In part 2 of an introduction to new features in Java 8, I’ll introduce the new Streams API and new Date/Time API.
The Streams API is a new API in Java 8 to improve processing over sequences or collections of data. Streams have 3 parts (datasource, operations, terminal operation).
- filter : filter results
- map : transform
- find : search
- sort : sort stream output
- limit : limit number results
- collect : convert result
Operations return the stream as a result, allowing operations to be pipelined together. This results in much cleaner and less code. Here is an example of code that gathers a list of dishes under 400 calories and stores the name of a dish in a list.
Using Stream API, the above can be reduced to the following:
Some of the commonly used stream functions
|filter||Predicate||T -> boolean|
|map||Function<T,R>||T -> R|
||(T,T) -> int|
||(T,T) -> T|
LocalDate and LocalTime
In Java 8, there is a new API for working with Dates, which more resembles the popular Joda Time library. There are two main classes, LocalDate and LocalTime. Both of these classes are immutable unlike the existing Date and Calendar classes. This means once the instance is created, you cannot make a change to the date. Any setter methods provider will actually return a new object instead of modifying the existing one, which will not lead to unexpected results.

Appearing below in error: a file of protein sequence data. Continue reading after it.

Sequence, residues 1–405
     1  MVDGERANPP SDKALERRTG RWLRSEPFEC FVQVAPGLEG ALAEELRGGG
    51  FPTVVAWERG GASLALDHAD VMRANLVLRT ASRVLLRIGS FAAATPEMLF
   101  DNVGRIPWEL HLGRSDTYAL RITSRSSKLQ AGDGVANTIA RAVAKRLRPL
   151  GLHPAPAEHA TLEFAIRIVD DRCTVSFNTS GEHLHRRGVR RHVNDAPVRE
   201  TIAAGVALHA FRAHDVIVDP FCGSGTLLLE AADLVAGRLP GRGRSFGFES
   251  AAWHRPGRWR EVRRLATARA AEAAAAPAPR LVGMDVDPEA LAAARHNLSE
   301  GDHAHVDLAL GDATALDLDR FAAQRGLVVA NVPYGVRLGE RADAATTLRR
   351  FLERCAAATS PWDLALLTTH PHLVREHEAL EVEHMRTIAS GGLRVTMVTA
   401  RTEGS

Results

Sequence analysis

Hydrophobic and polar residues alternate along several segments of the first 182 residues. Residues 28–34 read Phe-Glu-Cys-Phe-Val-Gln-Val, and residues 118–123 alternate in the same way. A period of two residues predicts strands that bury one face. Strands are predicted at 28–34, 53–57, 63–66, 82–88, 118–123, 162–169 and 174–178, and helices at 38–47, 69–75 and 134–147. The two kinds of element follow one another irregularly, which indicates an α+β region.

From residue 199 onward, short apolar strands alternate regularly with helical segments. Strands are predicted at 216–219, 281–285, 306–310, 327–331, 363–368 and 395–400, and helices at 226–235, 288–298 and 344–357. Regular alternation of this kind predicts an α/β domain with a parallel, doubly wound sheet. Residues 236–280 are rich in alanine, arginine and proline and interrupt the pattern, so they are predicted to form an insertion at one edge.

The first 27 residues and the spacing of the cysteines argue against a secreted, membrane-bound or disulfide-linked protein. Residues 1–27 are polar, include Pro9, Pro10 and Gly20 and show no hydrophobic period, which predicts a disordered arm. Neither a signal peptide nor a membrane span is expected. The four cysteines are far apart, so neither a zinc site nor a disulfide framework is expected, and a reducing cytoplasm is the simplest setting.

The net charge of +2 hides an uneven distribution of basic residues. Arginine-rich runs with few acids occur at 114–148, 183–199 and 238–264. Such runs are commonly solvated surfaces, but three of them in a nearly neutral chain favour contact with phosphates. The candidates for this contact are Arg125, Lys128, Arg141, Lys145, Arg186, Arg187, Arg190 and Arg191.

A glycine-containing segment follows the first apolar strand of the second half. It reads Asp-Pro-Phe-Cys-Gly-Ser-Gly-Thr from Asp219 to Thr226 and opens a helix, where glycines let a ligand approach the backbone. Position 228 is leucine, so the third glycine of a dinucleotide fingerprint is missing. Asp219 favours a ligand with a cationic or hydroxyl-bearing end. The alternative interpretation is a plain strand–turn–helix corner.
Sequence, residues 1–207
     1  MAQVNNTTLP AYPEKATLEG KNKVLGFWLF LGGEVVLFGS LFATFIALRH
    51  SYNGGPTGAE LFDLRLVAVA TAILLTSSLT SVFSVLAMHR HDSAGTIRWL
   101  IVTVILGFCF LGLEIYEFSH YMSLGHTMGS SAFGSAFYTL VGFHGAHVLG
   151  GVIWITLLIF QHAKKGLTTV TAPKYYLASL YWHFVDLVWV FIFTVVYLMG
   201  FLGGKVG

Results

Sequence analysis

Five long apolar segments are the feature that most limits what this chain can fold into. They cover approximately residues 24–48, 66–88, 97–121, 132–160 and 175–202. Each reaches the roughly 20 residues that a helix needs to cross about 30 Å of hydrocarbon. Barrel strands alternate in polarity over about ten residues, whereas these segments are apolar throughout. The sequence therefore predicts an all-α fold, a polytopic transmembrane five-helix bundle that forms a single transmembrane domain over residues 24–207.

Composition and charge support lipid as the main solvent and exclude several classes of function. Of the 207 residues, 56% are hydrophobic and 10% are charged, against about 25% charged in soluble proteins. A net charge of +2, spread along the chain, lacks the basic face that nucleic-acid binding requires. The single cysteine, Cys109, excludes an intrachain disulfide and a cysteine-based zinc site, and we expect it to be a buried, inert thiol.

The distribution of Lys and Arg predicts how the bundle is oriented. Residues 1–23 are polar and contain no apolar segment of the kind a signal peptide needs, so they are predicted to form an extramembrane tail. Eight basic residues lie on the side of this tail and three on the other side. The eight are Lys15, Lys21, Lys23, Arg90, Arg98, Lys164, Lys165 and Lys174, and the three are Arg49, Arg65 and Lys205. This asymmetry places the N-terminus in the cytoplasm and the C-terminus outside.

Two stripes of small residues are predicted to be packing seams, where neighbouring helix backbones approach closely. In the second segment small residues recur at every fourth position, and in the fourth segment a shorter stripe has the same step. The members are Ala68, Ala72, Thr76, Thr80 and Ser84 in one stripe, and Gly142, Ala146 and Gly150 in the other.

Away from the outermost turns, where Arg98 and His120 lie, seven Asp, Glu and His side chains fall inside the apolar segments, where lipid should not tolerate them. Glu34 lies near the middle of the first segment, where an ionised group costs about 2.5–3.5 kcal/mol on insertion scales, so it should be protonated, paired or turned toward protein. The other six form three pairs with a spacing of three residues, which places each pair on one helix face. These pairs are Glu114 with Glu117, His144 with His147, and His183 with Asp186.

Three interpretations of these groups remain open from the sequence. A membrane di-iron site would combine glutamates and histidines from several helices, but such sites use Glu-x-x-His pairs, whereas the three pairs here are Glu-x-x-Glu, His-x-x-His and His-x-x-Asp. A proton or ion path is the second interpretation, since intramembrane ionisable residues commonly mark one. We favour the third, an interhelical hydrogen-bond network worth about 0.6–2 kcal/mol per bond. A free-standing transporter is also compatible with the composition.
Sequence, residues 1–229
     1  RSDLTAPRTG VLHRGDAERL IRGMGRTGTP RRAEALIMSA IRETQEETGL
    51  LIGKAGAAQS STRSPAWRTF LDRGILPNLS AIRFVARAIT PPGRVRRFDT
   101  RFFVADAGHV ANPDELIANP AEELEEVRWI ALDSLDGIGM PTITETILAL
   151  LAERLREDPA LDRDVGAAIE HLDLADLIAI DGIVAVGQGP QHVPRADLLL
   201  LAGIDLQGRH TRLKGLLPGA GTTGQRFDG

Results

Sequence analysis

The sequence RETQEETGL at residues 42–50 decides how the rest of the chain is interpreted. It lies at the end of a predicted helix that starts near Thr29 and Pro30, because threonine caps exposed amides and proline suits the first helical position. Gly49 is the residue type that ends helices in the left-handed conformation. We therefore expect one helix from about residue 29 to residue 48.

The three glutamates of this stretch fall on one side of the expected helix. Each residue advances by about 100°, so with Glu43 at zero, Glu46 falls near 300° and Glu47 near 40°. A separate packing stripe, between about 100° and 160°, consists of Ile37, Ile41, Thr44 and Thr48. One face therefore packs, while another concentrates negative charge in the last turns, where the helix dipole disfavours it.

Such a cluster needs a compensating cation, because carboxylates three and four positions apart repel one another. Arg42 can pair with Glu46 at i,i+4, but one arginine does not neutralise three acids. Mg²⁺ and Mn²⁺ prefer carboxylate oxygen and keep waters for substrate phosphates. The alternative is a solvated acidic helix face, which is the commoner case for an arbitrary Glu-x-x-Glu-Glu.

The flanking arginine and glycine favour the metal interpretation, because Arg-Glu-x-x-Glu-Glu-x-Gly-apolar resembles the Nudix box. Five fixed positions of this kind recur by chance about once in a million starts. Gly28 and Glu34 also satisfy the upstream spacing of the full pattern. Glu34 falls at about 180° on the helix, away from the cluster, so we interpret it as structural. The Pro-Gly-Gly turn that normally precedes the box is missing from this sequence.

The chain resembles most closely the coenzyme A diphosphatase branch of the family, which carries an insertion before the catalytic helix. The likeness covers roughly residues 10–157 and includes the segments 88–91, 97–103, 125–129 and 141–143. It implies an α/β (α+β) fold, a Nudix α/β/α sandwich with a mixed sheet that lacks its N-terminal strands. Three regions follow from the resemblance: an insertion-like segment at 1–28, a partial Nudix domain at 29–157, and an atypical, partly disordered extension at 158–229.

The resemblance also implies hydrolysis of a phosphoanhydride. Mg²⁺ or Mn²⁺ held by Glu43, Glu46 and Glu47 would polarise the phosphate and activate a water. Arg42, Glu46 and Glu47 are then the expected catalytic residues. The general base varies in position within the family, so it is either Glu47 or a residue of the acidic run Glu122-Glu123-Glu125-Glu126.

The classes are pretty simple to work with, below shows some sample code.
Common operations include:
|between||Yes||Create interval between two points in time|
|parse||Yes||create instance from String|
|addTo||No||create copy and add interval to it|
|isNegative||No||check if interval is negative|
|minus||No||create copy and substract interval from it|